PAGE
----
Accounting

Bonadio Group finds ways to attract more people to accounting firms

The Bonadio Group, a Top 50 Firm based in Pittsford, New York, is improving its compensation and benefits to bring in more experienced professionals and young recruits as the accounting profession tries to battle the perception of declining employment numbers.

“Our turnover has been about 12%,” said CEO Bruce Zicari. “That’s very, very good. Many of our competitors are experiencing 15% to 20%-plus turnover. This last year, we’ve seen some great success and some very low turnover rates, so we’re starting to see very tangible results.”

The firm does compensation studies to make sure it’s paying a competitive salary, especially in the high-cost New York market.

The Bonadio Group’s office building in Buffalo, New York

“We want to make sure that we’re staying extremely competitive and above market in the industry,” said Zicari. “We did probably three separate compensation and survey studies in the industry last year, and we repeated those studies this year. In the last 20 months, we’ve increased on average our compensation by 30%, and we feel very good that we’re very competitive, and above market in the public accounting industry and in our various markets that we have offices in.”

The Bonadio Group also tries to offer career opportunities to employees to keep them engaged in the firm so they will want to stay there. “We’re all about growth, which provides opportunity to our people, which also allows us to give back to our communities that we live and work in,” said Zicari. “That’s a big part of why we’ve been able to retain people and why they’ve been able to have a rewarding experience at the Bonadio Group.”

The firm is putting together a new strategic plan after recently completing its last five-year strategic plan, which was built around redefining a career experience. It’s working with the American Institute of CPAs and other Top 100 firms to redefine what it means to have a career in public accounting, and what makes a rewarding experience at a firm. 

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Bruce Zicari

Matt D’Angelo

“We’re trying to create a much better work-life integration,” said Zicari. “Some of that’s about working less hours, but not all of it. We want to give our people professional discretion to work differently and work remotely, more on their terms. We want to give our people the ability to work on good, interesting clients and do interesting work.”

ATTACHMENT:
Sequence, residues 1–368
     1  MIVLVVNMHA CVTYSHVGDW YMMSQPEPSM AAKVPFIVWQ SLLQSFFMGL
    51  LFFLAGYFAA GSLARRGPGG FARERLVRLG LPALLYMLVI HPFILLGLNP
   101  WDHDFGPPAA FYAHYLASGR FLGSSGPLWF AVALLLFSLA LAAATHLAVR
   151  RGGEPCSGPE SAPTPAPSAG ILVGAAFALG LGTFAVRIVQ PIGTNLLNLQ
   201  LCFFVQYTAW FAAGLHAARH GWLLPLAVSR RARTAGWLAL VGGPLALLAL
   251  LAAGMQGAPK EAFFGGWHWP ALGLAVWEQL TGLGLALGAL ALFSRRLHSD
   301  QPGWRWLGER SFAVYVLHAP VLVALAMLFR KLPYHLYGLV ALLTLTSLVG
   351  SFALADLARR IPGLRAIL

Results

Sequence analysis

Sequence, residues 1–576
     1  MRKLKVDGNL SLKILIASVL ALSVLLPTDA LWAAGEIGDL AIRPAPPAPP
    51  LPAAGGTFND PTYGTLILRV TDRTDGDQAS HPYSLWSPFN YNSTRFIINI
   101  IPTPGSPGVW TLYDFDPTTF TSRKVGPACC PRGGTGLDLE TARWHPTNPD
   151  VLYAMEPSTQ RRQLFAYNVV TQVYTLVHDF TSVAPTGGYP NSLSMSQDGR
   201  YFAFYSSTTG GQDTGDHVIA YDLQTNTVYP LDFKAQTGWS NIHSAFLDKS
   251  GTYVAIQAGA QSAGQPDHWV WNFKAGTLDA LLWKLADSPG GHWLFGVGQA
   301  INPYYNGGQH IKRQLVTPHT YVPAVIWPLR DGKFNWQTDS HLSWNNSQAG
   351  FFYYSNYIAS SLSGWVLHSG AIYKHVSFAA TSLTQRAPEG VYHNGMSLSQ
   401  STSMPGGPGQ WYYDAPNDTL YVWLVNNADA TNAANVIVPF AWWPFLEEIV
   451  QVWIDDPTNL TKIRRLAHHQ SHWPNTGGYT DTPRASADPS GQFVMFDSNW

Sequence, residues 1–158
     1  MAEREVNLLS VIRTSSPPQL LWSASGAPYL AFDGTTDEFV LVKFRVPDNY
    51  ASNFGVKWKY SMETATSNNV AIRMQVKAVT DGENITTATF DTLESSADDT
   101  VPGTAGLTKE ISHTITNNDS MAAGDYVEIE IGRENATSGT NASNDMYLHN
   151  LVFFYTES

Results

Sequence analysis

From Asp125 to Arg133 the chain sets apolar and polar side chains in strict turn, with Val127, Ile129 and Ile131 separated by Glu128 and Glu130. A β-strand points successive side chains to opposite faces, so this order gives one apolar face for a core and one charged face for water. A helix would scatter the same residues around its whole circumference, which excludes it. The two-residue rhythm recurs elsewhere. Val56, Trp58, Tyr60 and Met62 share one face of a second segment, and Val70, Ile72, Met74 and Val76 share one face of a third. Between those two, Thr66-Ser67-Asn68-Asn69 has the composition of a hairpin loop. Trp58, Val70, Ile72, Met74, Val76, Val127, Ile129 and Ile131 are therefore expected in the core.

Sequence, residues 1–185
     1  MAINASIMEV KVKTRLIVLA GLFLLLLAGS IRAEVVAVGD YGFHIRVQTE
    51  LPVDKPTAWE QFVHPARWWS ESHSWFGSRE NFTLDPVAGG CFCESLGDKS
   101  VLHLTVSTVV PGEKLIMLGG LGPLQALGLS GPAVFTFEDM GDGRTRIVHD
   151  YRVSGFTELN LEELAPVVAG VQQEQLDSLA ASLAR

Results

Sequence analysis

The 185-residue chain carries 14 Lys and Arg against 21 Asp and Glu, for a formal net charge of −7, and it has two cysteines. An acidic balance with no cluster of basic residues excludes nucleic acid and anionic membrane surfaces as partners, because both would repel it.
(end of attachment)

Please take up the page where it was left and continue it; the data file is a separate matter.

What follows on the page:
At the same time, Bonadio’s employees are able to take many of the routine administrative tasks associated with conducting an audit or preparing a tax return and farm those out to units known as “efficiency centers.”

The firm has also been increasing its health and wellness benefits for employees. 

“We’ve done some good and creative things around that,” said Zicari. “Finally, as we determine how we redefine their career experience, we’ve done a lot of listening to them through insight groups. We meet with them in small groups. We ask them what’s important to them. We don’t try to suppose or know what is on their minds and what’s best for them. Some great things have come out of those insight groups that have allowed us to redefine the people experience here.”

Employees have also been working in small groups known as “promise teams” with partners at the firm.

“We’ve kind of restructured our firm during this whole process,” said Zicari. “We’ve developed these promise teams, where every partner has six to eight people on their promise team, so every person in the firm has a direct connection and works with a partner on a daily basis to mentor and to give them performance coaching along the way. And it really helped them navigate through their careers. I think that’s going to be a big differentiator for us. But, at the end of the day, I think our low turnover rate has been a good indication of the fact that these things are working. We certainly aren’t stopping here. We have a long way to go.”

He believes the accounting profession itself needs to change to retain and recruit new talent. “If we want to attract people to the profession and keep people engaged in a long-term career in accounting, we have to change their experience,” said Zicari. “We have to change the way they work. We have to change the clients they work on. We have to give them flexibility. We have to provide them with the best training and development from a technical standpoint and a leadership standpoint.”

The Bonadio Group has also been making efforts to improve diversity to attract a more varied workforce to the firm.

“We have worked very hard at diversity, equity and inclusion over the last several years, and it was part of our strategic plan,” said Zicari. “We believe it’s the right thing to do. We have hired a diversity, equity and inclusion manager that leads the charge, and I think we’ve made great strides in educating our people as it relates to that. We started recruiting in different colleges, and we’re starting to make a meaningful impact in terms of bringing people in from different backgrounds. When you talk about establishing a good culture, and you talk about a purpose-driven organization, you can’t talk about those two things without being a diverse and inclusive company. We’re making incremental changes each and every year. We know we have a long way to go, but we’re dedicated to continuing that incremental progress and improvement every year.”